KALAMAZOO — Bob Hoffmeyer knows a thing or two about hockey. Now a pro scout for the New Jersey Devils of the NHL, Hoffmeyer is a former player and coach whose path always seems to lead him back to Kalamazoo and K-Wings hockey in one way or another.
Before Hoffmeyer’s playing days took him up the ladder to the NHL, he played for the Flint Generals of the International Hockey League from 1975-77. During that time, Hoffmeyer became familiar with one of the Generals’ in-state foes, the Kalamazoo Wings.
After playing for the Chicago Blackhawks and the Devils, as well as making many stops with the AHL in between, Hoffmeyer found himself returning to Wings Stadium in 1991, this time as the head coach of the K-Wings.
“It was good coaching here,” Hoffmeyer said. “I enjoyed it very much.” Noting that he spent time as a visitor in the building when he played for the Generals in many battles against the K-Wings, he felt right at home when he was named coach for the team.
“I knew it was a great hockey town and an enjoyable place to be,” he said. “I did enjoy it here as a coach, especially with the great fan base they have here.” During his time as coach, Hoffmeyer guided the K-Wings to a combined 43-46-11 record.
Prior to coming to Kalamazoo as a coach, Hoffmeyer was an assistant coach within the Devils organization for both the AHL and NHL clubs.
Now in his 17th season as a pro scout with the Devils, Hoffmeyer is spending a little more time in Kalamazoo, as well as other arenas, scouting players. This past summer, the K-Wings reached an agreement to become the affiliate for the Devils and their AHL team, the Albany Devils. Currently the K-Wings have three players from the Devils on their roster: defenseman Harry Young, forward Bryan Haczyk, and goaltender Maxime Clermont. Defenseman Joe Sova started the season with the K-Wings but was called up to Albany in mid-December.
Hoffmeyer said that Souva is performing well for Albany. “He came into Kalamazoo at the start of the year and got to play in all types of situations, and that has helped him a lot,” he said. “They are happy with his progress.”
In addition to taking notes on the players affiliated with the Devils, Hoffmeyer says he keeps an open mind when watching all players out on the ice. “You look to other players, too, and you see who might look like they are ready to take a step up to the next level,” he said. On the flip side, Hoffmeyer said you also need to evaluate those players who aren’t quite ready.
Either way, evaluating as many players as possible can pay dividends to the Devils organization. “There are certain situations when you might get a call on a player, and you need to have an evaluation, even if it’s not a good evaluation, you have it ready,” Hoffmeyer said.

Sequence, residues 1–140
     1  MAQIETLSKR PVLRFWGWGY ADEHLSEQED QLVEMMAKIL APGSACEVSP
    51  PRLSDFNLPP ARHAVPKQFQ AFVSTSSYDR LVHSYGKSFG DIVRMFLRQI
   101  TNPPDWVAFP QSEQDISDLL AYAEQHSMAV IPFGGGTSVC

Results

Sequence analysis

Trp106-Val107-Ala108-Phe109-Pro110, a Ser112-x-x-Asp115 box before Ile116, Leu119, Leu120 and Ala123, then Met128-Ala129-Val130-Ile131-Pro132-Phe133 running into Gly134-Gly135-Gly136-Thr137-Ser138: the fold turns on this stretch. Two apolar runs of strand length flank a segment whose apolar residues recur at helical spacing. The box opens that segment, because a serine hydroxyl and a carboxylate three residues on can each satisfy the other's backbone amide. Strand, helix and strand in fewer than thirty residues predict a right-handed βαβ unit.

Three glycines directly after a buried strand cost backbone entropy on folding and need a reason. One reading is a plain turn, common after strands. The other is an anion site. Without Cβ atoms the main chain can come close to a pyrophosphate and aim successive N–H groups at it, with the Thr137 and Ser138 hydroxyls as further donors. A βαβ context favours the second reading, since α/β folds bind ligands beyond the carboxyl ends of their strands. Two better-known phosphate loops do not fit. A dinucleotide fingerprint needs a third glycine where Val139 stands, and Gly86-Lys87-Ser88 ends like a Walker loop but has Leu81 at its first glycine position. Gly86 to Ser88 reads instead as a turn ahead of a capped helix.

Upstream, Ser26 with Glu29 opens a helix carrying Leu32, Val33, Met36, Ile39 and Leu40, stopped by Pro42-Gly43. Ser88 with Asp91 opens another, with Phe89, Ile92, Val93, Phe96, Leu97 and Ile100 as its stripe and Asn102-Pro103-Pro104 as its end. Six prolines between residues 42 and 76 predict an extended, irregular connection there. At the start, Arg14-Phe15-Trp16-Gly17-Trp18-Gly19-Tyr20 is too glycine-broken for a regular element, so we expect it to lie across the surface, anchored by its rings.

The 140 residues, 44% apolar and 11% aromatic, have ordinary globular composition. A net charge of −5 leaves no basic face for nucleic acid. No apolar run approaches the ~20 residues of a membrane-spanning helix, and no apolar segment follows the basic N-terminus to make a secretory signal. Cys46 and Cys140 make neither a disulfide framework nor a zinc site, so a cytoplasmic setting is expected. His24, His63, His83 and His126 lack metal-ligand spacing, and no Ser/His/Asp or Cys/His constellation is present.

Hoffmeyer sends his game report directly into the Devils database. In addition, every report that is done by a scout ends up on the desk of Lou Lamoriello, CEO/President/General Manger of the Devils, David Conte, Executive Vice-President and Director of Scouting, and Chris Lamoriello, General Manager of the Albany Devils.
When players are assigned to Kalamazoo, Hoffmeyer said, they are well aware of the reasons why.
“Chris (GM of Albany) talks to them about if it’s a weakness or just because they need to get playing time or whatever the situation is,” Hoffmeyer said. “They (players) understand from our organization’s standpoint what’s expected of them and what they need to do.”
But when they come to Kalamazoo, they also need to do their best to fall in line with what K-Wings coach Nick Bootland asks of them. “Once they get here, they are a part of the K-Wings team, and the coaching staff here prepares them as they see fit to,” he said.
Hoffmeyer points out that neither side is working against the other during this process because everyone has the same goal in mind: to win. “Their goal here is to make players better to move them up, while winning in the meantime,” he said.
Developing players and winning go hand in hand in the ECHL, but that also means fans will have to say goodbye to their favorite players along the way.
“I know it is tough in these communities for the local fans when they get to following someone and they get called up,” Hoffmeyer said. “One thing you have found over the years is that when they take someone up, it’s usually your best player and not your worst.”
Hoffmeyer said longtime fans have grown accustomed to the constant shuffle that comes with being an affiliate. “The fans of these towns recognize that the good players are going to leave them, so they have to enjoy them while they are there. And hopefully they help the team win while they are here.”
While it is still early in the season, Hoffmeyer says that the K-Wings organization is doing a good job with their players and they are comfortable sending them to Kalamazoo. “They are a successful organization as far as winning. They proved that last year going to the finals,” he said. “We know from that aspect that they do a good job and they get good players in here, but they play our players too.”